Something naturally inestimable exists in the middle of the Ugandan main city Kampala but very few dwellers and visitors alike are aware of its existence. In fact, after arriving at a nearby suburb of Nateete in the south of the city, I enquired from several boda-boda riders if they can take me to Kabaka’s Lake or “Enyanja ya’Kabaka” as it is locally known. A few of them gave me a stunned look since they never knew the directions to the lake, let alone its very existence!
The first time I heard about Kabaka’s Lake was during my history lessons in primary school. On the study series about Buganda’s history, we were taught how the artificial lake came into existence plus other mythical features about it. Kabaka’s Lake (the King’s lake) is an artificial or a man-made lake that sits just a kilometer away from the main palace of the Buganda king at the Lubiri palace in Kampala city. Located a few meters south of the palace’s perimeter wall along the Lubiri Ring road, the lake is Buganda Kingdom’s treasured gem that has a lot of cultural connotations attributed to it. Its reserved location in a withdrawn neighborhood could one of the many reasons as to why a few people know about it but anyone who learned Buganda’s history can relate to its existence.
Throughout my short stay, I never got a chance to meet the lake’s caretakers to give me their narrative accounts of the lake’s precise origin or the norms and cultural practices on which its existence is based but since my evening mission was to view the lake for the first time, I opted for the narrators at some other time. But according to one reliable source, the man-made lake measures an average of around 2km2 and is about 200ft deep.
That same source further summates the origin of the lake: “It was constructed by the 52 clans of Buganda from 1885 -1888 during the reign of Ssekabaka Mwanga II. The plan of the king was to construct a channel wide enough for him to travel by boat to Lake Victoria for swimming and fishing and staying at another palace he had built at Mulungu hill near Lake Victoria. The channel would also serve as an escape waterway in the event of armed conflict with the British. The construction was, however, abruptly disrupted and stopped on 2nd August 1888 before the channel could reach Munyonyo because of the religious war which broke out in the kingdom.”
The Daily Monitor while quoting a Buganda Kingdom official, tells that Kabaka’s lake is a closed lake as it has no tributary nor does it have any outlet flowing out of it and remarkably, the water levels have remained consistent since 1886 due to the underground springs that feed it. In fact, I was amazed at how easily accessible it is because it’s just less than 50 meters from the two main city roads that I have regularly used for ages – Ring road and Masaka road. And before this, I had always deemed that the lake is almost inaccessible. Despite being surrounded by the massive human settlements and activities, the lake’s breeze and appearance are typical of other natural water bodies within the Great Lakes region.
The place is so relaxing and rousing and as expected, I found many people – nearly 100 – either sitting in the cool shades of the indigenous trees that dot the lake’s shores while others like me were simply strolling on the fresh green grass. I simply couldn’t stop marveling at the lake’s beauty characterized by a variety of birds, small islands, the clear waters and the cloudless blue skies giving the perfect photographic backdrop.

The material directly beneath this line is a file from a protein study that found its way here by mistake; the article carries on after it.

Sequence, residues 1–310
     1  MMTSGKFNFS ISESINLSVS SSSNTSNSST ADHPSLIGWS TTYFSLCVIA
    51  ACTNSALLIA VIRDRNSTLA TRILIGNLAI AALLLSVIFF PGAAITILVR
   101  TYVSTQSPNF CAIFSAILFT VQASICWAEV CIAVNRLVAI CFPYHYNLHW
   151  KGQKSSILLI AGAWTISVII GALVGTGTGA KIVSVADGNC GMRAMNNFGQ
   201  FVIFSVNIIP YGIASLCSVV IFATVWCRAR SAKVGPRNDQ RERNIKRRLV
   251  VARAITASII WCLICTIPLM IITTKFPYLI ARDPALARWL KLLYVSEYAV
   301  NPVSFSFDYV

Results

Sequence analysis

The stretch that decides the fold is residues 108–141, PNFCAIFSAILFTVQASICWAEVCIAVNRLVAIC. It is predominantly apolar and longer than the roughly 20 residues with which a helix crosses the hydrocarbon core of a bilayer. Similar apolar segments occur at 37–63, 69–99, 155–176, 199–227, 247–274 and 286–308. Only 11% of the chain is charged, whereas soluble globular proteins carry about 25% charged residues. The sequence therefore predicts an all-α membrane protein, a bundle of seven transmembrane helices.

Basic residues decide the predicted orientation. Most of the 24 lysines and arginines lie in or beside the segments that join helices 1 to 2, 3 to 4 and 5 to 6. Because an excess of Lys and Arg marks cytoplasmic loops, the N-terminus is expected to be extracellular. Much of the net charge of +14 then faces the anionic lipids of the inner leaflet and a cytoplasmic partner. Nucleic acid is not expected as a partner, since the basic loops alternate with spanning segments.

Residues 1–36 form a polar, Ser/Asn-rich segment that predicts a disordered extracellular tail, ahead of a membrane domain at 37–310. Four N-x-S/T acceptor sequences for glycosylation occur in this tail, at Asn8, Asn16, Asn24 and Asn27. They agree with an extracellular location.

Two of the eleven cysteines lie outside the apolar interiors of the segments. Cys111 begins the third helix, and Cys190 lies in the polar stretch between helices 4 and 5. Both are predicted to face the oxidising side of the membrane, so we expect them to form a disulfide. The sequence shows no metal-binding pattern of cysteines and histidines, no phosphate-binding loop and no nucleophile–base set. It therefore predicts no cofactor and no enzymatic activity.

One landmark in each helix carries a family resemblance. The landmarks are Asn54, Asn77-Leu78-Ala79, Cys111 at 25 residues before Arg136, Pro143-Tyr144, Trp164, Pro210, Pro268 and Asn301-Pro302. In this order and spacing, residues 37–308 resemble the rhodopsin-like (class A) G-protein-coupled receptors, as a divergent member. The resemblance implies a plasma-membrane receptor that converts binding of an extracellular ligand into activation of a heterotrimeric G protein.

I was also taken aback after noticing small boats meant for ferrying visitors across the small lake but from my deep observations, the lake is in a dire need for reforms from the caretakers as the grass upon which visitors are meant to sit is overgrown and needs a regular trimming. More trees are needed to halt soil erosion and silting of the lake whereas the human activities that pose dangers to the lake such as the nearby washing bays need to be closed down. I noticed that dirty and soapy water from the washing bays run back to the lake and thus polluting the waters and endangering the creatures that depend on it.
In fact, at one end, the lake’s waters look greenish in color an indication of the prior massive contamination. The lake’s caretakers can even do more: promoting the lake as a top tourist destination to make it appealing both locally and abroad through the massive publicity of its incredible history, customs, and cultural events held on it.
Experienced scouts and narrators also need to be in place to guide visitors around the lake while also perfectly quenching the visitors’ thirst for information related to the lake. It also seemed to me that some people enter the lake and swim unsupervised including young children. This puts their lives at risk of drowning and getting infected with waterborne diseases. And finally, proper signposts are needed on the lake, security personnel are also required to protect visitors and their stuff while other amenities like beach benches, shades/shelters, toilets and a visitors information center are also needed to make the place more appealing and classy.
The lake is also impressive in its unrestrictive environment as people can move about unhindered which is good for natural visitors but proper management is needed to profit from the ever-increasing tourists flocking this small lake. I recommend anyone to visit this historically, culturally and naturally important place as it will improve your perspectives about the Buganda Kingdom while helping you to relax and unwind from the hustles and bustles of the nearby Kampala city. Such a naturally interesting place it is that it deserves your finest attention, be it for just one hour…